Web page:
Jewish World Review Jan. 23, 2006 / 23 Teves 5766 |
A Division I college basketball program is not the sort of enterprise easily confused with a seminary or a seminar on ethics. But according to what is currently America's most popular movie, one such program became a nation-shaking, history-shaping moral force 40 years ago. The movie, although not too noble to palter with facts, is no more parsimonious with the truth than movies often are when turning history into entertainment.
"Glory Road" celebrates the 1965-66 basketball team of Texas Western College, which became the University of Texas-El Paso in 1967. The Miners included seven black players, most recruited far from mining country the South Bronx, Gary, Ind., and other mostly urban places. The drama was that five of them started the 1966 NCAA championship game, which Texas Western won, beating an all-white University of Kentucky team, 72-65.
The game was not quite, as the movie insists, David against Goliath. Granted, the Kentucky Wildcats, then college basketball's aristocrats, were college basketball's winningest team in the 1940s and '50s. But Texas Western had lost only one game and was ranked third in the nation as the tournament began.
The game's racial dimension looks much larger in retrospect than it did then. In the movie, a Texas Western official urges coach
Don Haskins to abide by an unwritten rule:
Play one black at home and two on the road three if behind. And another white character scoffs at the idea that blacks might be "the future" of basketball. But Ron Rapoport of the Chicago Sun-Times notes:
A decade before the game that supposedly changed basketball, the undefeated 1955-56 University of San Francisco team won the NCAA championship with a team that played four blacks Bill Russell, K.C. Jones, Hal Perry and Gene Brown. In 1958 the coaches' All-American team was all-black Wilt Chamberlain of Kansas, Oscar Robertson of Cincinnati, Bob Boozer of Kansas State, Guy Rodgers of Temple and Elgin Baylor of Seattle. In 1962 the University of Cincinnati started four black players when it won the NCAA championship, and Loyola University of Chicago started four when it won in 1963. Frank Deford, a distinguished writer, covered the Texas Western-Kentucky game for Sports Illustrated and did not mention the fact of five black starters. Neither did the New York Times or The Post. Already the ascendancy of blacks in basketball was such that the four best players in the NBA were Chamberlain, Russell, Baylor and Robertson.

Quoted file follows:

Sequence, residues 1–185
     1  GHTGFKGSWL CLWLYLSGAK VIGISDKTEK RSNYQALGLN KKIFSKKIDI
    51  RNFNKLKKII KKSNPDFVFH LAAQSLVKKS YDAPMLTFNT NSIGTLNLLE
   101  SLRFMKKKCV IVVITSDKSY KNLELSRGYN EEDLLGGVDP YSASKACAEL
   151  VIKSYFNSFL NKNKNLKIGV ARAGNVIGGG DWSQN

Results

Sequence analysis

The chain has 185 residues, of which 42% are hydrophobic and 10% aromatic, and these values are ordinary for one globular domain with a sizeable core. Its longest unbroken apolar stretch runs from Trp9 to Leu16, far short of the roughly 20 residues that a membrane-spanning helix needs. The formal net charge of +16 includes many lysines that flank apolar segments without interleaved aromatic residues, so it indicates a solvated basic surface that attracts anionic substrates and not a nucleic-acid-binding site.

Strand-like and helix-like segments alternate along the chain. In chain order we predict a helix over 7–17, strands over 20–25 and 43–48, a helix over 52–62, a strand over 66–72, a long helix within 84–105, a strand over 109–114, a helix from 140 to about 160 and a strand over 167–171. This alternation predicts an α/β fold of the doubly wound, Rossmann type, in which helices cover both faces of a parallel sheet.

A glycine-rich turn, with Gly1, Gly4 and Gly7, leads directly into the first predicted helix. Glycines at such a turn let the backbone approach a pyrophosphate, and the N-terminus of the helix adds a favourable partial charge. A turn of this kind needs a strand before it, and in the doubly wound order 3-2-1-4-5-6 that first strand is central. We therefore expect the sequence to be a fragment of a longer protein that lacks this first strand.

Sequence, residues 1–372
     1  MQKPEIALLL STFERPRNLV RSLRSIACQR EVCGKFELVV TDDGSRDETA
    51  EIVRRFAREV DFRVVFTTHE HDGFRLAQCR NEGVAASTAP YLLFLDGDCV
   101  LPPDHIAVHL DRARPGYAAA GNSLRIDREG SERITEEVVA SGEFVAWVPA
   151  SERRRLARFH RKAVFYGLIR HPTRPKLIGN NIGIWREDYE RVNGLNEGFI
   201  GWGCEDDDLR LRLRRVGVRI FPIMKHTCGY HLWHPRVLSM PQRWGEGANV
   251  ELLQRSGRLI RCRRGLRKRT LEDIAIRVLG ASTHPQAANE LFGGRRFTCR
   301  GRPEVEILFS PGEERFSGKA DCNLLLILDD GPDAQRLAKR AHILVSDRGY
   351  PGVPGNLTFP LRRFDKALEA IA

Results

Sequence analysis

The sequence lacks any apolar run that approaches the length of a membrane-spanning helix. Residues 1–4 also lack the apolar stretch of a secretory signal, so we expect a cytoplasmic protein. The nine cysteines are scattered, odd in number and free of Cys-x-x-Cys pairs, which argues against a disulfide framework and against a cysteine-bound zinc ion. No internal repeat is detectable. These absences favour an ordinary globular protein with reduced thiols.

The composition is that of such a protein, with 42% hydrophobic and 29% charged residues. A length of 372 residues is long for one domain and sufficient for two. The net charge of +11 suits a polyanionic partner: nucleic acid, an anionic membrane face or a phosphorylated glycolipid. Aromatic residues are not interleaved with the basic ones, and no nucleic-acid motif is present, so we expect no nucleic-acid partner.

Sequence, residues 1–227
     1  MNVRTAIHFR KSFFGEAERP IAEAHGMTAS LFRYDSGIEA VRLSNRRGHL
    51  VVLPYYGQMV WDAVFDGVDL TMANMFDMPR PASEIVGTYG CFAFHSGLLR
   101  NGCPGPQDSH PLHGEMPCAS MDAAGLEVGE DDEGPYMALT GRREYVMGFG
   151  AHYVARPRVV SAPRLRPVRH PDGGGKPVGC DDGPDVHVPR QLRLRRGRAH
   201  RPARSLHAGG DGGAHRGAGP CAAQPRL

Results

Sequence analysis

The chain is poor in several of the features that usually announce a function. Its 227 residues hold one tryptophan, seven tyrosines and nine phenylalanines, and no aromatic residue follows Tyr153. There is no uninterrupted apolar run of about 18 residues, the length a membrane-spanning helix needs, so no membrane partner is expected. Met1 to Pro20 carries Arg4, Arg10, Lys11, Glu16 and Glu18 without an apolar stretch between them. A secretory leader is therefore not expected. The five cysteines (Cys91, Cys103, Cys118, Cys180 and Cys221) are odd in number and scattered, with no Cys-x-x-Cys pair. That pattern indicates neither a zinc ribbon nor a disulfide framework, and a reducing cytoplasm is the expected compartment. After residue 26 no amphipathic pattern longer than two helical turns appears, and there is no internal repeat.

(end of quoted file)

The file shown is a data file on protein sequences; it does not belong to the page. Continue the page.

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In the movie, Haskins tells his team the day before the game that he will play only black players the next night he used all seven to make a social statement. But former Georgetown coach John Thompson, a black man famous for his bluntness, minced no words when talking to Eddie Einhorn for a book, "How March Became Madness," a history of the NCAA tournament, that Einhorn is publishing next month (with Rapoport's collaboration). Thompson told Einhorn that Haskins said that his only goal was to win, so he played his best players.
And what of the movie scene where the players' motel rooms are trashed and racist epithets are painted on the walls? One of the players, Nevil Shed, recently told Sporting News columnist Dave Kindred, "Could have happened." Kindred calls that Shed's way of handling "the fiction."
Although the movie shows Haskins emphasizing basketball fundamentals and telling the players that "showboating is nothing but insecurity," the movie also makes much of the black players successfully seeking his permission for the more flamboyant style of play they learned on city asphalt. This much is true: Between 1967 and 1976 the NCAA banned dunk shots, even during warmups. What do you suppose that was about?
In his just-published "At Canaan's Edge: America in the King Years, 1965-68," Taylor Branch writes that when, in 1950, Kentucky lost to City College of New York's integrated team, Kentucky's legislature flew the flag at the capitol at half-staff. Two months after the 1966 championship game, a black player received an athletic scholarship from one of Kentucky's Southeastern Conference rivals, Vanderbilt. Kentucky's coach, Adolph Rupp, was born in 1901 and probably was not much different from his peers in his time and place. According to Branch, Rupp used a racial slur while complaining of pressure from his university president to recruit black players. But Kentucky had no black professor until 1965.
When Rupp retired in 1972, his team was all-white. Today Kentucky has a black coach, Tubby Smith, whose 15-man team includes 10 blacks. They play in Rupp Arena.
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